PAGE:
Manuel Orantes feels so strongly about Oscar Romero’s holiness that he spent months immortalizing the slain archbishop’s image in an elaborate acrylic painting for a celebration at his church.
That five-year-old artwork has become even more important to Our Lady of Guadalupe parishioners now that Archbishop Romero has been named a saint of the Catholic Church.
“The inspiration came from my heart,” said Orantes, who painted the portrait of Romero for a celebration at Our Lady of Guadalupe Parish, which serves the Spanish-speaking community in Edmonton. “There are things you don’t imagine will happen when you do something.
Orantes’ wife, Olivia, who serves as parish secretary, said the portrait is “a treasure now.”
A champion of the poor in war-torn El Salvador, Archbishop Romero used his homilies to condemn political repression and the killing of thousands of peasant farmers. For that he paid with his life. Romero was shot and killed as he celebrated Mass on March 24, 1980.
The Orantes family fled the civil war in their home country and settled in Edmonton in 1991. Like many Salvadorans, Manuel and Olivia say they were inspired by Archbishop Romero.
For fellow parishioner Jose Alberto Gonzalez, the connection is especially deep, because he knew Romero personally.
“Romero was a humble person with a great faith and steel-like determination defending the rights of the Salvadoran poor people,” Gonzalez said. “He advocated against the right-wing government repression with our people.”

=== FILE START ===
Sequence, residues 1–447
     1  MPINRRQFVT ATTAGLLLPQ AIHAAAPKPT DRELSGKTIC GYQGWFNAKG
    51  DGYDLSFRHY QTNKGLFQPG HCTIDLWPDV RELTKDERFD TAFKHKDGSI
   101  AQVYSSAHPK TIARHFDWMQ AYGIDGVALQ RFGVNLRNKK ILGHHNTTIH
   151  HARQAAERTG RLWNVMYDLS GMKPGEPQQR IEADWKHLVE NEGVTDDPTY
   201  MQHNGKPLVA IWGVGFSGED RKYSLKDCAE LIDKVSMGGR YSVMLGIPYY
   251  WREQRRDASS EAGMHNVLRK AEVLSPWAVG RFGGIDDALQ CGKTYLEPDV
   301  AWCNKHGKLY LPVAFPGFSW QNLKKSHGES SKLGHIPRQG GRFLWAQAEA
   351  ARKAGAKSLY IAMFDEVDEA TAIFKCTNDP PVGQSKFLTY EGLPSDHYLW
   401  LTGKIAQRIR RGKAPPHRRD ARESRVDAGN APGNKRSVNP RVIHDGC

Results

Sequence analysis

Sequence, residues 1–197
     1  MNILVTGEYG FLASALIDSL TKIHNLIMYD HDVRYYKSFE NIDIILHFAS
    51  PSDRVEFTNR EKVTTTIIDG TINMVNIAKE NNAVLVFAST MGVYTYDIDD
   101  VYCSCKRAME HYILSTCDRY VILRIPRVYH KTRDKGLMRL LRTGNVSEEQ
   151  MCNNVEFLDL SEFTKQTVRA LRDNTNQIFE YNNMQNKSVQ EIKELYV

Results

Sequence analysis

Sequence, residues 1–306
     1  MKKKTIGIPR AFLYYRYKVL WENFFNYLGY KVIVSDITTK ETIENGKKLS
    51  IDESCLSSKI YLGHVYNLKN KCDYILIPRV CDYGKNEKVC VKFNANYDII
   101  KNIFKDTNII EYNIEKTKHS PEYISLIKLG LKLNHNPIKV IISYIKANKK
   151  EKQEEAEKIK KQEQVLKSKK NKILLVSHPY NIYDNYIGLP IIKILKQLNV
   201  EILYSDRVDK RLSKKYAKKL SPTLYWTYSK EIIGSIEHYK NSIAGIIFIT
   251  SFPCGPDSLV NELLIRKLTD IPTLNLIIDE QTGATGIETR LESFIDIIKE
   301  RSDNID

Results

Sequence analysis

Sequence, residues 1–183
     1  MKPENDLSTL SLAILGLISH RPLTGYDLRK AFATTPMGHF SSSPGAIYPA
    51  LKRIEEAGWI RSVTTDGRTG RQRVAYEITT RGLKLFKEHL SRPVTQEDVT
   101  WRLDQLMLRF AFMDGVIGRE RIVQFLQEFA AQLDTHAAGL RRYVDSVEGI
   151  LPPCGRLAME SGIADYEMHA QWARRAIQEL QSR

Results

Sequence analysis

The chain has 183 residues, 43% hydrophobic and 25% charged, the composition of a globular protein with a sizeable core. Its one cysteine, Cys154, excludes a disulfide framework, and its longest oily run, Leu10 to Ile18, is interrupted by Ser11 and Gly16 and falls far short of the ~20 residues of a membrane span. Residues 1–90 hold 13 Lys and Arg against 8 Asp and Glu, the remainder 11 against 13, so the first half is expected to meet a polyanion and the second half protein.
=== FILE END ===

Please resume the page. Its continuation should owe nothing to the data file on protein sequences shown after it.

Gonzalez helped organize a group of 29 delegates from Edmonton, including staff from Blessed Romero high school, to attend the canonization of St. Oscar Romero at the Vatican on Oct. 14. Cheering “Romero! Romero!” they were among more than 70,000 people who attended the Mass in St. Peter’s Square. Pope Paul VI and five others were also named saints of the Church.
“It was so amazing to see many big and small (blue) Salvadoran flags waving, and blue hats flying when Pope Francis declared Romero a saint,” said Gonzalez. “Finally his martyrdom, teaching and thinking have been vindicated.”
In the crowd were many of the farmers Romero had championed when he was alive, Gonzalez said.
“The cost of the trip was two or three times what they may earn annually. They came to honour his memory.”
It’s Romero’s advocacy for the poor – and his own humility – that the Salvadoran community in Edmonton remembers and honours.
“He was not wearing any fancy stuff at the end because he was in the countryside, helping the poor people,” said Ana Barczak, whose journalist father had boxes of photographs of Romero which were burned by the Salvadoran military. “He was very brave to do what he did, because he didn’t think of his life.”
Supporters of the social justice icon believe his canonization was delayed because of his activism.
“This ceremony was the result of a long battle with members of the very conservative sector of our Catholic Church to get Oscar Romero canonized,” said Jose Gonzalez.
Salvadorans around the world are happy the wait is over, added Alba Luz Gonzalez, a food shop owner whose first husband was killed by the Salvadoran military just one month after Romero was assassinated.
“Now I have a saint to pray to. For many years we hoped we’d have a saint, and now it’s a reality,” Luz Gonzalez said. “Now it’s like all the Salvadoran people in El Salvador and everywhere, we feel so happy.”
Blessed Oscar Romero High School in west Edmonton will be rededicated next spring to reflect his sainthood. In the meantime, the words “Saint Oscar Romero, pray for us,” have been added to the morning prayers on the public address system.
“There’s energy around knowing that our namesake is now a saint and that in each day of our prayers we are asking for the intercession of St. Oscar Romero,” said Angie Venne, the school’s chaplain.
Those same words have been added in Spanish above Manuel Orantes’ artwork at Our Lady of Guadalupe Church: San Oscar Arnulfo Romero, Ruega por Nosotros.